I started teaching Crafting Your Artistic Handbook last week and I’m so happy with the group of artists who’ve opted into this class. They’re all so incredibly talented, smart, and excited to put the work into their artwork. They even indulged me in a class photo last week. Look at all our smiling faces!
This week, we focused on different modes of accountability — a theme that could really take over the entire six week series if we let it. I brought in four different accountability structures that I’ve tried over the course of my career: two that I’ve abandoned and two that I am currently using. The list (and the links!) are below.
I look at accountability processes as a way to figure out what kind of an artist I am. Do I need an outside deadline in order to get my work done? Do I need someone checking in on me? Or am I happy being my own accountability partner, comparing myself only to myself — setting my own deadlines and celebrating my own accomplishments?
The answer is complicated: it depends. It depends on what project I’m focusing my energy on, where I am in my life, what city I’m living in, how confident I’m feeling about my ability to accomplish the project, and how little I want to talk about my work outside of my work hours.
Right now, I’m utilizing a ton of internal accountability simply because it feels right. It feels right for me at this moment in my life, in my career, and in my creative practice. I’m practicing daily Productivity Journaling (thank you for creating this system, Esme Wang!) and on the days I’m writing, I’m indulging in 500 Words a Day (thank you, Katie Heaney!) From 2014 to 2018, having an accountability partner was what felt right. And for a brief period in my life, I thought Personal Inventory Days or Morning Pages or some other practice was going to keep me motivated and creative.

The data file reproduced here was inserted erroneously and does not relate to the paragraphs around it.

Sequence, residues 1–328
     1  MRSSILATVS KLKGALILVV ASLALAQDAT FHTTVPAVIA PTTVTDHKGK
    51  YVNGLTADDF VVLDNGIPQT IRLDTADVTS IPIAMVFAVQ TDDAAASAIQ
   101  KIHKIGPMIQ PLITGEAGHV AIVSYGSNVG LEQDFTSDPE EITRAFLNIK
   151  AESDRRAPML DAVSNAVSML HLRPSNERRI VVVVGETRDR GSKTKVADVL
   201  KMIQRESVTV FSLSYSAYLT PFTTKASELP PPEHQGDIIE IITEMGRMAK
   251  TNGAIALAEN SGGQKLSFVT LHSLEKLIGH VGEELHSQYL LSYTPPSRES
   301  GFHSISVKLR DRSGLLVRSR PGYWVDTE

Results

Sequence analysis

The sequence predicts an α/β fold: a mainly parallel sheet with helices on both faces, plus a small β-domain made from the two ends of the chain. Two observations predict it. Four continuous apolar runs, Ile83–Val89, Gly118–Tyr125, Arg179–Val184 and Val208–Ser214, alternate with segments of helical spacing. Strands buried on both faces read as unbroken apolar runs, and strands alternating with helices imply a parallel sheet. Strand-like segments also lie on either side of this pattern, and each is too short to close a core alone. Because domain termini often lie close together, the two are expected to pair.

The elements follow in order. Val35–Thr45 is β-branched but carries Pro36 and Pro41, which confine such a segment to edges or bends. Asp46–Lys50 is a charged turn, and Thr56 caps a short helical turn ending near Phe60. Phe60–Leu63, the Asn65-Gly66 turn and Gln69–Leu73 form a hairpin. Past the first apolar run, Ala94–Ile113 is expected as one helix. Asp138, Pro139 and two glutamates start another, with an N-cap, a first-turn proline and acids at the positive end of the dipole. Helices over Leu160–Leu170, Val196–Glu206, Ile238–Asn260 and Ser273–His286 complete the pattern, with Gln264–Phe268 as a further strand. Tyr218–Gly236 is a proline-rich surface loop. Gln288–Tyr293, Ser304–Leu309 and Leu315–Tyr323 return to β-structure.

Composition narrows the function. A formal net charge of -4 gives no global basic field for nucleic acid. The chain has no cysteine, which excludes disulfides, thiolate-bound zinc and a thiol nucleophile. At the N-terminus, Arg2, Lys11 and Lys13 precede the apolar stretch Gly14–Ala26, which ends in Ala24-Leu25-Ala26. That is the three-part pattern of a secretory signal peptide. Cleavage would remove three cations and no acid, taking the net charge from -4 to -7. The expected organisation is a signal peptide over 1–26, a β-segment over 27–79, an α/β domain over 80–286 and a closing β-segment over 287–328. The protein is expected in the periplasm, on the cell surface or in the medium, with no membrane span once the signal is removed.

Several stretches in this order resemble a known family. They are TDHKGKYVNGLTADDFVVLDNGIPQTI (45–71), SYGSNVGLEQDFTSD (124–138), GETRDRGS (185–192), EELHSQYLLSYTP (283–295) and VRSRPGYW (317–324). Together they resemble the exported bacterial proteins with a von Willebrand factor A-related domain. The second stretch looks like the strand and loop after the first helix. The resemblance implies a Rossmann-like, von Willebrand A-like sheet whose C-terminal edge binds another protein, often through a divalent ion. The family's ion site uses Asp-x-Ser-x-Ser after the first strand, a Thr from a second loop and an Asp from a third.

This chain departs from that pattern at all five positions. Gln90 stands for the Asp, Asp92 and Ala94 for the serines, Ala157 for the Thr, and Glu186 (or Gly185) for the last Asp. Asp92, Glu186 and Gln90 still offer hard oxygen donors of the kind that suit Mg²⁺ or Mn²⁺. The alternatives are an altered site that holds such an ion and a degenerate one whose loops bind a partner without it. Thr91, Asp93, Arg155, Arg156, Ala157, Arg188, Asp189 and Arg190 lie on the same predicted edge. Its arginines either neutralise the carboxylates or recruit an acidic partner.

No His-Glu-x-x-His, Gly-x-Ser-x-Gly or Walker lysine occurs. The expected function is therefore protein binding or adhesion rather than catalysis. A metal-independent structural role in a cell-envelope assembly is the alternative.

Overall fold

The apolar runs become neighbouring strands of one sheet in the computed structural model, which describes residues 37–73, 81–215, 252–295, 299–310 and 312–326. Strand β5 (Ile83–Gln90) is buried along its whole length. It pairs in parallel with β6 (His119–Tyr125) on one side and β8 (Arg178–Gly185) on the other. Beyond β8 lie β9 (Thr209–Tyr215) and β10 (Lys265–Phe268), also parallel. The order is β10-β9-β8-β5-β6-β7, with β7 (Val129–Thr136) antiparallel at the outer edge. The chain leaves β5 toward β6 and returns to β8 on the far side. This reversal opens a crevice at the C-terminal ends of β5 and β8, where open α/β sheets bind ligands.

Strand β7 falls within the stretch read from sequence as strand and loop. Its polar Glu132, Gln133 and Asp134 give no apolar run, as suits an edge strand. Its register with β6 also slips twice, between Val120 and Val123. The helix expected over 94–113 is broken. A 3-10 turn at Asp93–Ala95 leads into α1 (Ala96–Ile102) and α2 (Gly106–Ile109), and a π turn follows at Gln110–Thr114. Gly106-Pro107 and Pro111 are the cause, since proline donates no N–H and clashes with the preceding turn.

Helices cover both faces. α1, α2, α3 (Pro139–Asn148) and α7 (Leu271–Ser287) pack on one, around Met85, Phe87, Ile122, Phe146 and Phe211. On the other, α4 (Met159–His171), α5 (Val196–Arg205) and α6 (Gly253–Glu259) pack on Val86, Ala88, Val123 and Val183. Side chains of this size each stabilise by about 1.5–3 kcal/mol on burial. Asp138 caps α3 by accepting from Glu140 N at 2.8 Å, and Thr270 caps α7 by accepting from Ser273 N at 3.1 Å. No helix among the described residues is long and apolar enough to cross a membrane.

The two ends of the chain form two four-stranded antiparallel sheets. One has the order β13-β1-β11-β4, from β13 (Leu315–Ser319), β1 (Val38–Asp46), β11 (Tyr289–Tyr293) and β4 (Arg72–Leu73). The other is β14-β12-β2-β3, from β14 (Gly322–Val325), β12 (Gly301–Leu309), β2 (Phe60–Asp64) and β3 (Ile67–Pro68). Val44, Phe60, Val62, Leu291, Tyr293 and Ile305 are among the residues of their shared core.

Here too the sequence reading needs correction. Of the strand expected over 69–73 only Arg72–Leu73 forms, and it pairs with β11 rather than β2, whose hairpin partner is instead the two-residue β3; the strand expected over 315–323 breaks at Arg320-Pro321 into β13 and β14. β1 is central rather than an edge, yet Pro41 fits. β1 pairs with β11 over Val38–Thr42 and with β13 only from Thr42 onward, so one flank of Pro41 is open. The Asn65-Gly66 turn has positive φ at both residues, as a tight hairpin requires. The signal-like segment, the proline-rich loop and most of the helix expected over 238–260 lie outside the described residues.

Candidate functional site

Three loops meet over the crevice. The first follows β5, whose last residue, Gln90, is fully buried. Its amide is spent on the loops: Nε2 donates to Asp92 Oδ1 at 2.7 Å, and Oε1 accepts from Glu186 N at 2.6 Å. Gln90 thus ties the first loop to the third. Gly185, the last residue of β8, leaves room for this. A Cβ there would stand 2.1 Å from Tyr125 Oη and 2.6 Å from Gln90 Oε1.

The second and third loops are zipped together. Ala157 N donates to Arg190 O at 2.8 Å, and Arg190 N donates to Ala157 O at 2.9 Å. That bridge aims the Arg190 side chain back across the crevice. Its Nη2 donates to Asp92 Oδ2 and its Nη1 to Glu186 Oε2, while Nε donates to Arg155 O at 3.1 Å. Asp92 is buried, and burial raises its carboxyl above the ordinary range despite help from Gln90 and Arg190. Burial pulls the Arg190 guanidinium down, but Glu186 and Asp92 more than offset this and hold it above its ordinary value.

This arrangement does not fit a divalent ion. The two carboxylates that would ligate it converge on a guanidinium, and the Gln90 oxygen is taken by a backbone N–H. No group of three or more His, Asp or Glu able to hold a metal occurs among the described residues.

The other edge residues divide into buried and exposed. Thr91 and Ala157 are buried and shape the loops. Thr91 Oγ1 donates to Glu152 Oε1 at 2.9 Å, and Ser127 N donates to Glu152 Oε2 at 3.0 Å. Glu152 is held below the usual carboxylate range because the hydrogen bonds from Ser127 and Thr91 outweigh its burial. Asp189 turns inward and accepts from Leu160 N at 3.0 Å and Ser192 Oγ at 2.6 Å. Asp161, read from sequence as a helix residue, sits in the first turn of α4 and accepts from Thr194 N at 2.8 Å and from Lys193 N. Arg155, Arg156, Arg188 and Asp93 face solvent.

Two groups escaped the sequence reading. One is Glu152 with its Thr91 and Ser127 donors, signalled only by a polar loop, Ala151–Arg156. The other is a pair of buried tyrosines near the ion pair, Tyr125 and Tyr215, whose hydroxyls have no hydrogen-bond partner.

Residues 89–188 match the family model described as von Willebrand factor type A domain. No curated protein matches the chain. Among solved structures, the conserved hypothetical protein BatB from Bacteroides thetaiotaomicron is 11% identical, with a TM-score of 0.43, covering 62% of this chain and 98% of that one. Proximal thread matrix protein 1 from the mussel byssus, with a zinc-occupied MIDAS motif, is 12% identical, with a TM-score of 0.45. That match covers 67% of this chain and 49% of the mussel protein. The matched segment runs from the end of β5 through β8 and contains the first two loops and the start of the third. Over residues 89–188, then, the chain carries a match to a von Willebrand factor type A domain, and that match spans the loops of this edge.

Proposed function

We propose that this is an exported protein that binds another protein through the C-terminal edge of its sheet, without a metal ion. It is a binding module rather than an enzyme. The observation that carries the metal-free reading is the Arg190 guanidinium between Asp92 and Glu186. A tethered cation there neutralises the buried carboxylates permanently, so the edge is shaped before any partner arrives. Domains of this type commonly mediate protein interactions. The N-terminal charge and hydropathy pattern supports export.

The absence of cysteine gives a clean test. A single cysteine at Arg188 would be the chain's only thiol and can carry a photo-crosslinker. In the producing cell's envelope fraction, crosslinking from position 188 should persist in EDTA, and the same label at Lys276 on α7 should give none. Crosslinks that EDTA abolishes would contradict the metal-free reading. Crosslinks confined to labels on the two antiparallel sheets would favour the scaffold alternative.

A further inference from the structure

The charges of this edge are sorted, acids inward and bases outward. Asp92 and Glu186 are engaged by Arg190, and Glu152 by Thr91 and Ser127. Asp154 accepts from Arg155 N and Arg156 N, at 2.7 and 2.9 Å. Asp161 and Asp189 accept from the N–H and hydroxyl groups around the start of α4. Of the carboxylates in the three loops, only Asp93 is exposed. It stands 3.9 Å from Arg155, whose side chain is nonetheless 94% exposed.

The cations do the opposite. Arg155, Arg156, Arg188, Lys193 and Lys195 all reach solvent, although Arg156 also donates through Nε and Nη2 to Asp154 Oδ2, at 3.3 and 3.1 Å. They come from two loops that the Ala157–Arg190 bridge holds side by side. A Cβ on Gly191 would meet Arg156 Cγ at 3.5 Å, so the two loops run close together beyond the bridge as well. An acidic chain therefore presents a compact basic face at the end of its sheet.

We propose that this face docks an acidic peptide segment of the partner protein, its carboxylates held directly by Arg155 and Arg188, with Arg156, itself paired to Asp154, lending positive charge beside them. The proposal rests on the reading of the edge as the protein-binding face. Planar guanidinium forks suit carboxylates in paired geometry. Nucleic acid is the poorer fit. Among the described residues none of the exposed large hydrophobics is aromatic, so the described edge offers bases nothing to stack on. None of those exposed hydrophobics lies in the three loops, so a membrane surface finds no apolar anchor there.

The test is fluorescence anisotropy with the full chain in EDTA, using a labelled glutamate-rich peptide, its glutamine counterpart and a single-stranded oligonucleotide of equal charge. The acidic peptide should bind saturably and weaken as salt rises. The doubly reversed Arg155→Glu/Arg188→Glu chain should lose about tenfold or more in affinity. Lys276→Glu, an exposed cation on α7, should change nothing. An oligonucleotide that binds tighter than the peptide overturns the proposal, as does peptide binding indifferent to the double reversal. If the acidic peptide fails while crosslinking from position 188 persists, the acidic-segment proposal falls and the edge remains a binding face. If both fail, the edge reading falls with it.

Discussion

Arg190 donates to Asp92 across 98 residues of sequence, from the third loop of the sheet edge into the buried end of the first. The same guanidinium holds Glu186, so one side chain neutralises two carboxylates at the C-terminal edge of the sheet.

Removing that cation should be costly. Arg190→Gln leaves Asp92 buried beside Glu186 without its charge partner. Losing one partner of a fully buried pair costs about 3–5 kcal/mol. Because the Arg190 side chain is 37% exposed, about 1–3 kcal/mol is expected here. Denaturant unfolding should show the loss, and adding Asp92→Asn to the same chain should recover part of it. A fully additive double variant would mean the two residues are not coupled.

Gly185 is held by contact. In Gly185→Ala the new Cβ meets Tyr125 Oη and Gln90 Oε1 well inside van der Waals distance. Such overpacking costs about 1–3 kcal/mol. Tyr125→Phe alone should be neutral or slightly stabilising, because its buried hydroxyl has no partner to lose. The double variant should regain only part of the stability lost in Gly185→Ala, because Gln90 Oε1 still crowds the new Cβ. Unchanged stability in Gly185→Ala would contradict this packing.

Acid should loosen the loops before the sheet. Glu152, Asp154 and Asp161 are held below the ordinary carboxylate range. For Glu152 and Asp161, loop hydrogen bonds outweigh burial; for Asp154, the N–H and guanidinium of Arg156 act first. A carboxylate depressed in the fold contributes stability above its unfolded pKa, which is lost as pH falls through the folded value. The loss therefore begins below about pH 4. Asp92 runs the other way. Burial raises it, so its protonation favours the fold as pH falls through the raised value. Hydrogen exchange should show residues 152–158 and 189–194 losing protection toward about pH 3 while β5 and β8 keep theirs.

My point is, it’s all about finding what’s right for you. It’s all about developing and maintaining practices that make you feel good about what you’ve accomplished — practices that turn your dream projects into reality projects. Maybe that means identifying someone to be your artistic “coworker,” checking in with them at the metaphorical water cooler. Maybe that means only checking in with yourself until you’ve finished the first draft or the first outline or the first step of your major project. Maybe it’s something in between. The point is, there’s no right way to practice accountability. The right way is whatever way makes you feel good.
Enrollment for the online version of Crafting Your Artistic Handbook is now open and I would love it if you could join us! Classes begin July 8 and meet on Monday evenings from 7PM to 8:30PM EST, where we’ll be diving into accountability practices, setting ourselves up for success, and so much more. Register for the class today!